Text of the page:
A Basque research consortium has managed to halt the progress of colon cancer and its metastasis in the liver in an experimental model with mice. This advance, that may open a new path for the future treatment of such pathologies, has been achieved by creating molecules which interfere with the adhesion of tumour cells to other cells of the organism. In this way, the molecules halt both the growth of the tumour and the dissemination of the tumour to and its proliferation in other organs.
The research, published in the North American Journal of Medicinal Chemistry, is based on a previous work by researchers at the University of the Basque Country (UPV-EHU) which had described a series of molecules which reduced the metastasis of melanoma (a serious variety of skin cancer) in mice. That research opened up the possibility of generating new molecules with this activity in other types of cancer and following a similar strategy, something which has been achieved in this, later research, applied to colon cancer and its metastasis of the liver.
The Basque research consortium is made up of the CIC bioGUNE biociences research centre, the UPV/EHU, the Institute of Genetics and a Molecular and Cell Biology (IGBMC) in Strasbourg (France), and the Ikerchem spin-off Enterprise. Moreover, researchers from the Rocasolano Chemical-Physical Institute, from the CSIC (the Spanish Council for Scientific Research) and from the Novartis Institute for Biomedical Research took part.
"In this project we first designed inhibitors to cell adhesion involved in the metastasis of murine melanomas, and then undertook the chemical synthesis of these molecules, testing their biological potential and activity. What was surprising was that our calculations predicted that, by introducing relatively small changes, we would be able to generate new molecules with the capacity to inhibit cell adhesion involved in another type of cancer. This prediction was confirmed by the experiments, suggesting that these techniques of chemical design and synthesis could be extended to other related therapeutic targets," stated Dr. Fernando Cossνo, UPV/EHU professor and co-founder of Ikerchem S. L., as well as President of the Executive Committee of Ikerbasque.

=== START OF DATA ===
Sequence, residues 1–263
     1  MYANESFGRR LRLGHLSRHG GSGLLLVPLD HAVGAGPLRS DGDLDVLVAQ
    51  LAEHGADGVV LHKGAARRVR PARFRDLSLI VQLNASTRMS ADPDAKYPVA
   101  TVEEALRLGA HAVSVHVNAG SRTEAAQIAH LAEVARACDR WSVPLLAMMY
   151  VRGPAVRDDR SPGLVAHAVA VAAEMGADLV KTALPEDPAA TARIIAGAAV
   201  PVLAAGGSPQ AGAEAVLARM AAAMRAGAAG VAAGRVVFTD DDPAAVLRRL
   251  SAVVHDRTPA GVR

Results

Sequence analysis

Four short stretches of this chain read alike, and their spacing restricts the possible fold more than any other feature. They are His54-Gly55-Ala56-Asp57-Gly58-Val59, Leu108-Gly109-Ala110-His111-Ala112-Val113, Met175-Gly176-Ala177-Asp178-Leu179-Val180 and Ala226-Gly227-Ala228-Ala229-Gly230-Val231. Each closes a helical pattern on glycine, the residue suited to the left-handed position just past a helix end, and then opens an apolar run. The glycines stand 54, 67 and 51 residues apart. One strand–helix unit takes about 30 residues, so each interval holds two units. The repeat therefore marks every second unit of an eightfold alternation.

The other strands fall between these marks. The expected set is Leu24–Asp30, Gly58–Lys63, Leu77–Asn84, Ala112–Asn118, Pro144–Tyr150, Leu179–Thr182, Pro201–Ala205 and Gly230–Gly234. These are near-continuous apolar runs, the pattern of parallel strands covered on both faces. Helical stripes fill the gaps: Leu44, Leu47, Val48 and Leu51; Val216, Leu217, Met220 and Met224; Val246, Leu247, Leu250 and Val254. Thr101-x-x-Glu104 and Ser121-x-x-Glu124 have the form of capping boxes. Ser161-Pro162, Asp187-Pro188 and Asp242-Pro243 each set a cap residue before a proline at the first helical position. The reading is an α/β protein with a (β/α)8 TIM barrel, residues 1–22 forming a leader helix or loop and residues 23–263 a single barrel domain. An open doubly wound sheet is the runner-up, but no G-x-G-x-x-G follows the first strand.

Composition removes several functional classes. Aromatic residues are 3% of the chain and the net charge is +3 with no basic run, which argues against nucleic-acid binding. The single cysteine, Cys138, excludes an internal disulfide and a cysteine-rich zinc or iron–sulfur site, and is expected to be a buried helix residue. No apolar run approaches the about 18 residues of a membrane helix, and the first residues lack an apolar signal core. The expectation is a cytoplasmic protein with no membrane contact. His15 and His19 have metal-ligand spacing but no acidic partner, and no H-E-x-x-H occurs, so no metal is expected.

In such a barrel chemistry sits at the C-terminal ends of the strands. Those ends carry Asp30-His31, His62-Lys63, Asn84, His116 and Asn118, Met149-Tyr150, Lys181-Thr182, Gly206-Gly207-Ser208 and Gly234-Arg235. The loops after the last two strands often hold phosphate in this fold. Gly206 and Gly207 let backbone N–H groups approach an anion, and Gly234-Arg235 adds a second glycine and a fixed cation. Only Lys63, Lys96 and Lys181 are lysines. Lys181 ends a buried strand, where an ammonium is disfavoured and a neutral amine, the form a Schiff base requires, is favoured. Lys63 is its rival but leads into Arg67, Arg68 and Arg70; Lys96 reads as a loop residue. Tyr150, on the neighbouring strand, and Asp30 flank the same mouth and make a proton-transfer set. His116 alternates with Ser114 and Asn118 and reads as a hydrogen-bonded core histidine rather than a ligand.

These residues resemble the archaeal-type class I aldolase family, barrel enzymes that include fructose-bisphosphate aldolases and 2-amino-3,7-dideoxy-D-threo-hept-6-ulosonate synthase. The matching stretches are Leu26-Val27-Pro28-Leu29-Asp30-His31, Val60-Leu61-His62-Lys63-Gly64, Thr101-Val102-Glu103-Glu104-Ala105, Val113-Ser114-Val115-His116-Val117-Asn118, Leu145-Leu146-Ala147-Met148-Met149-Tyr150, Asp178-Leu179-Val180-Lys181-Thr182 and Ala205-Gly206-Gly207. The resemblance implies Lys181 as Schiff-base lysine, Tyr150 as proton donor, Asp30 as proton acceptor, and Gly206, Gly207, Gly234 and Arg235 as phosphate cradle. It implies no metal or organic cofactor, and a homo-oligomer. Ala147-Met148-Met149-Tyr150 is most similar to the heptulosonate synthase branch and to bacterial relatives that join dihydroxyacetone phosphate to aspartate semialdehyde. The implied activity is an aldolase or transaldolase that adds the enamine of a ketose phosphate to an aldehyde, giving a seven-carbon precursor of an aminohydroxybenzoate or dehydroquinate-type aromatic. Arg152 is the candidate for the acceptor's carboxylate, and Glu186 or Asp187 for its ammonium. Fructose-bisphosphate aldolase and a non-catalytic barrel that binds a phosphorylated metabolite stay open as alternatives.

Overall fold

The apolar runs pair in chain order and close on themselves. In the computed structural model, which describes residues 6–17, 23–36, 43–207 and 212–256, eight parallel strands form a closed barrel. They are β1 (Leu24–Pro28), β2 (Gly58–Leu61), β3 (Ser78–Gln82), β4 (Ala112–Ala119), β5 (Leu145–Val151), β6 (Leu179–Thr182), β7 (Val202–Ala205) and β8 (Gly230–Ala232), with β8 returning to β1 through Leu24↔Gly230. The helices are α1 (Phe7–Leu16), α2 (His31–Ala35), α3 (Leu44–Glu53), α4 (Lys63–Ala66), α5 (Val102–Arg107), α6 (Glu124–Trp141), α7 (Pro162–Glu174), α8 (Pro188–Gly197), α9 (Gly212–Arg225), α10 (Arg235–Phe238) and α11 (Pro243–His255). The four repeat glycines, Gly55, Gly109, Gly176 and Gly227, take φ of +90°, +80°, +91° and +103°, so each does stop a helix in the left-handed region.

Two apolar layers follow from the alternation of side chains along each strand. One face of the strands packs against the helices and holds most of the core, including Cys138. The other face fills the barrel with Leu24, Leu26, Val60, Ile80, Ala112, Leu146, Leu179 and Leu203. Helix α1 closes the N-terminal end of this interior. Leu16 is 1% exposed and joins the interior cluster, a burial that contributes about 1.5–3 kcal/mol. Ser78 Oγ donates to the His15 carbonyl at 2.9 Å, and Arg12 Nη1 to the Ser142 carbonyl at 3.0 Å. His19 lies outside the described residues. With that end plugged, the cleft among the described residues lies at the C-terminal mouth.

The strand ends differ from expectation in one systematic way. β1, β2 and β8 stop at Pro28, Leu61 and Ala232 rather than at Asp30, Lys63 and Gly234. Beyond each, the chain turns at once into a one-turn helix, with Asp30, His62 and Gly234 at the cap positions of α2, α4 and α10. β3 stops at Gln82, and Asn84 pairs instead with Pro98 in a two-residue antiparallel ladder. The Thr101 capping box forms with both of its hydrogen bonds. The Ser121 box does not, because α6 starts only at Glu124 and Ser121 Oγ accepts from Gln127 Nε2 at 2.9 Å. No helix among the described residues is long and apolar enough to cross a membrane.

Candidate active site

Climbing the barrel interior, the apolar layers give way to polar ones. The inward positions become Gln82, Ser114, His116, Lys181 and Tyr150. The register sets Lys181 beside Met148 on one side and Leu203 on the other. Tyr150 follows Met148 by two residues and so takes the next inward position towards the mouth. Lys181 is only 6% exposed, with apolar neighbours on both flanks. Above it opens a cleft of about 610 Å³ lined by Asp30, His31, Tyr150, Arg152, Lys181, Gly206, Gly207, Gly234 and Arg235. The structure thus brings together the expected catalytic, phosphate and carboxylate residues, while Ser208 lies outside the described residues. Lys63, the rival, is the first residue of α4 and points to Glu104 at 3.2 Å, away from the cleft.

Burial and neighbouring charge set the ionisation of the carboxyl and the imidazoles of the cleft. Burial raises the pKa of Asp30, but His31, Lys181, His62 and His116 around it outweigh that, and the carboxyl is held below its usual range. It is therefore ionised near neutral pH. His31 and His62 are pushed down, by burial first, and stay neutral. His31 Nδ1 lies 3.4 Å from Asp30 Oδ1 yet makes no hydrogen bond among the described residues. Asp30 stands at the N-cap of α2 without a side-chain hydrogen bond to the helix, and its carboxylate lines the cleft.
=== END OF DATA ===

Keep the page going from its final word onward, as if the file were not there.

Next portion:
"Besides its relevance in the control of cancer and metastasis, this research highlights that, in the Basque Country, there are research teams at academic centres and in companies with the necessary experience and skill to tackle multidisciplinary projects of biomedical relevance, combining synthetic and computational chemistry with the structural analysis of the mechanism and the biological validation of the molecules generated," stated Dr. Francisco Blanco, Ikerbasque lecturer and researcher at CIC bioGUNE.
Impact of cancer and metastasis
Cancer is the second cause of human mortality and its incidence increases with age. Thanks to progress in the early diagnosis and control of detected tumours, enhancing the rate of survival has been achieved and, in this sense, it is believed that further progress can be made in these two aspects of the disease.
Currently 90 % of deaths from cancer are produced by the reappearance of the original tumour in another part of the body, a process known as metastasis. This process consists of a cancerous cell of the original tumour passing through the body of the patient and lodging in another organ, generating a new tumour.
The colon is not the organ with the greatest cancer mortality rate, but it gives rise to metastasis of the liver, which is. In fact the liver is the organ where metastasis of tumours originatng in other parts of the body is more frequent. This is because the liver acts as a filter for the blood and the lymph and so cancerous cells flowing in these fluids can be trapped therein.
The lethal danger arising from the migration of cancerous cells throughout the body is what drives researchers in the quest for therapies to halt metastasis.
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